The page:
While some recent reports have raised questions about the health of the nation’s economy, the latest one shows unemployment has fallen to its lowest level in eight years..
The Labor Department said Friday that non-farm payrolls in January increased by 151,000, pushing the unemployment rate down to 4.9% from 5% in December. It's the first time it has been below 5% since February 2008.
Since the start of 2010, there have been nearly 14 million jobs gains, according to the New York Times.
Job additions occurred in several industries, led by retail trade, food services and drinking places, health care, and manufacturing, according to the department. Employment declined in private educational services, transportation and warehousing, and mining.
Manufacturing added 29,000 jobs in January, following little employment change in 2015, bolstering hopes that recent business declines in the sector are easing. Chad Moutray, National Association of Manufacturers chief economist, said in the association's blog that this news “provides a bit of encouragement for manufacturers that have been beleaguered by the global slowdown and pullbacks in the energy sector.”
In for-hire trucking, 1,500 jobs were added in January. The wider transportation and warehousing sector saw a decline of 20,300, most of this occurring among couriers and messengers.
The overall report also showed wages increasing 2.5% over the past year, far ahead the rate of retail price inflation, which clocked in at a 0.7% increase in 2015.
But not so fast...
If there is one concern with the report on employment, it is the pace of job additions last month was down from the previous three months, when the number was between 262,000 and 295,000.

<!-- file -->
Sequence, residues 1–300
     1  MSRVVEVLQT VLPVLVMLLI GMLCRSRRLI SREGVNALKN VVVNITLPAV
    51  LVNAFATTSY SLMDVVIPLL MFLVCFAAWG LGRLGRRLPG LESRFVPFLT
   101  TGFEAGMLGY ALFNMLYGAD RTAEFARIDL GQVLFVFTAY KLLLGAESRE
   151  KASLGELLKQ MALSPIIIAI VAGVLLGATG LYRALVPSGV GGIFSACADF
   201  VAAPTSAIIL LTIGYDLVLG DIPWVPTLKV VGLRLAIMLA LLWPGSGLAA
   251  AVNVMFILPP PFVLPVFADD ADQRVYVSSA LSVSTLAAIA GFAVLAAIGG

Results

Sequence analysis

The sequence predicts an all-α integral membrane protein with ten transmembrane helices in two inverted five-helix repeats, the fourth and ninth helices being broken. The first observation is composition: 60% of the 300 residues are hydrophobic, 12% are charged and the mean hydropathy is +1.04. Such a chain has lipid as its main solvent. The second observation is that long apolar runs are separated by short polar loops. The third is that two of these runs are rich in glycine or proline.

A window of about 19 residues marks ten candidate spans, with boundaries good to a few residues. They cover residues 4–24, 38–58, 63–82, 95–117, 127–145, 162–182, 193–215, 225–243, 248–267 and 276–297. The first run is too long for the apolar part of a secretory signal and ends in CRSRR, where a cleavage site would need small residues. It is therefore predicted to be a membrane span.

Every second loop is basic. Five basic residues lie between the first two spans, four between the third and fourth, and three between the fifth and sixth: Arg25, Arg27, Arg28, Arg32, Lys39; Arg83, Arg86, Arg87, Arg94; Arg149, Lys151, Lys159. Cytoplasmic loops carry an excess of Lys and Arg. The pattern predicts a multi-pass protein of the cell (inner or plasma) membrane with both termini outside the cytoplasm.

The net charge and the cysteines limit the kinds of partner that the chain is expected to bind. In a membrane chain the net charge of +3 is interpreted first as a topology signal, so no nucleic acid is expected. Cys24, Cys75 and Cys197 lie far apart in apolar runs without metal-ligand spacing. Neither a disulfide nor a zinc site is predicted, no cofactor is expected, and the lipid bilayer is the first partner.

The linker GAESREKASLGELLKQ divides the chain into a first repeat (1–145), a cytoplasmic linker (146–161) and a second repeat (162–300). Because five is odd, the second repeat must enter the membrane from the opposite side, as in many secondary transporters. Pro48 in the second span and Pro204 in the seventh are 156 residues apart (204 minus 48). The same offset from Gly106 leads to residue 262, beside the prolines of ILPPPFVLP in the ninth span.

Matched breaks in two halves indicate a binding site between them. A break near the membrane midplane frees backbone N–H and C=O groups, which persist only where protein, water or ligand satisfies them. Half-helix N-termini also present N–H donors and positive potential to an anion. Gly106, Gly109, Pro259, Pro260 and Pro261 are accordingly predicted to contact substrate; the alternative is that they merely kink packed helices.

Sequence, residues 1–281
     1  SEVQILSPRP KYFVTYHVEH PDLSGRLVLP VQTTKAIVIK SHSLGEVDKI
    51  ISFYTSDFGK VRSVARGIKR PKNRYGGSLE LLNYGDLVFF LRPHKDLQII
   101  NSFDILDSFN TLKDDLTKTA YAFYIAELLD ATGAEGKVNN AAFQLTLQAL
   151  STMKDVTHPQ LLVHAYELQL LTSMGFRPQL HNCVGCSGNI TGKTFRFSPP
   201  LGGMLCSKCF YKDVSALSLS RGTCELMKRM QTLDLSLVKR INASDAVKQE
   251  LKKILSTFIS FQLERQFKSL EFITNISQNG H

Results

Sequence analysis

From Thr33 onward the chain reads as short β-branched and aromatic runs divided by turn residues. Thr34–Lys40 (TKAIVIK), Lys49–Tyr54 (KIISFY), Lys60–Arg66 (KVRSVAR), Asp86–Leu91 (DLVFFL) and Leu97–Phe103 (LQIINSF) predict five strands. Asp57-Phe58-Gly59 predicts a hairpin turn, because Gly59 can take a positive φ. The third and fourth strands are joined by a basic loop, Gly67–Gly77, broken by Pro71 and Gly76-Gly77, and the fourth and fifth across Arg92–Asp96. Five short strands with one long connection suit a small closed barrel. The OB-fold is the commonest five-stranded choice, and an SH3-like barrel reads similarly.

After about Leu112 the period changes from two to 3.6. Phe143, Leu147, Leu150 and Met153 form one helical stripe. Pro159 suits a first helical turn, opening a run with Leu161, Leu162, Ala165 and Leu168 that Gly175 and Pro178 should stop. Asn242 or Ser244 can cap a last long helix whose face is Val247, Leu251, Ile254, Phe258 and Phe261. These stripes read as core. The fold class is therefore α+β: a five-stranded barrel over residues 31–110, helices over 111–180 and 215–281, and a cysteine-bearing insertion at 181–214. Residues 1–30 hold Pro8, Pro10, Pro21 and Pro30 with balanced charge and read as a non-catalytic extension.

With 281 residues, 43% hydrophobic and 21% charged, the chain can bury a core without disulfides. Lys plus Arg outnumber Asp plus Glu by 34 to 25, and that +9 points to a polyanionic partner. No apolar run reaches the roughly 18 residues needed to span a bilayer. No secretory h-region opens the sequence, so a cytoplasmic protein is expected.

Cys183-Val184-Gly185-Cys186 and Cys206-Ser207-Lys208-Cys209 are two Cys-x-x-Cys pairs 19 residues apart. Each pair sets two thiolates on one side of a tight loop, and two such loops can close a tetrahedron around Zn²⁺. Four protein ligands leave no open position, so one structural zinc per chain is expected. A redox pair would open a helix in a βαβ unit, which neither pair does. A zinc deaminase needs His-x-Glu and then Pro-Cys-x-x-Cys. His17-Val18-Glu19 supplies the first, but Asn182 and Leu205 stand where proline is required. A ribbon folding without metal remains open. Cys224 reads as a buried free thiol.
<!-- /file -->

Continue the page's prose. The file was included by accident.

In addition, some critics say the picture isn’t a rosy at it appears, because the unemployment rate does not include those who are marginally attached to the labor force and those with part time jobs, according to CNBC. On its website, data journalist Nicholas Wells points out that if you dig deeper into the employment numbers, "the rate for the unemployed, the underemployed and the discouraged remains stubbornly above prerecession levels."
When this is taken into account, the unemployment rate is 9.9%, but that's down 1.4 percentage points over the past year.
Regardless of whether you view the 4.9% or the 9.9% unemployment rate as truly being representative of the labor market, expect the pace of job additions to be around its current level in the coming months, according to Laura Cooper, economist with RBC Economics.
“The pace of gains over the past two years will become increasingly unsustainable, reflecting a slower rate of increase in the supply of labor coinciding with much of the excess slack in the labor markets being absorbed,” she said. “Nonetheless, ongoing employment gains, more in line with today’s report, are still expected to result in the degree of labor market tightness intensifying further, resulting in an upward trend in wage growth becoming more firmly entrenched.”
What Does This Mean to the Fed?
Some believe that despite the unemployment rate falling below 5%, the slow pace of job additions could persuade the Federal Reserve to hold off on increasing interest rates when it meets again in March. (The Fed implemented its first hike in years in December.) Other factors that could postpone further increases include recent volatility on Wall Street, gross domestic product growth slowing in the final quarter of last year, and lackluster manufacturing activity.
However, Cooper believes the persistence of solid job gains (albeit lower than last year), a further drift lower in the unemployment rate, and upward wage pressures will be enough to keep the U.S. Federal Reserve in tightening mode through the forecast horizon, barring further deterioration in financial markets and the global economic backdrop.
“Today’s reported slowing in job growth does not alter our forecast that assumes that the Fed funds target will increase by 100 basis points (1%) through 2016 from its current 0.25% to 0.5% level,” she said.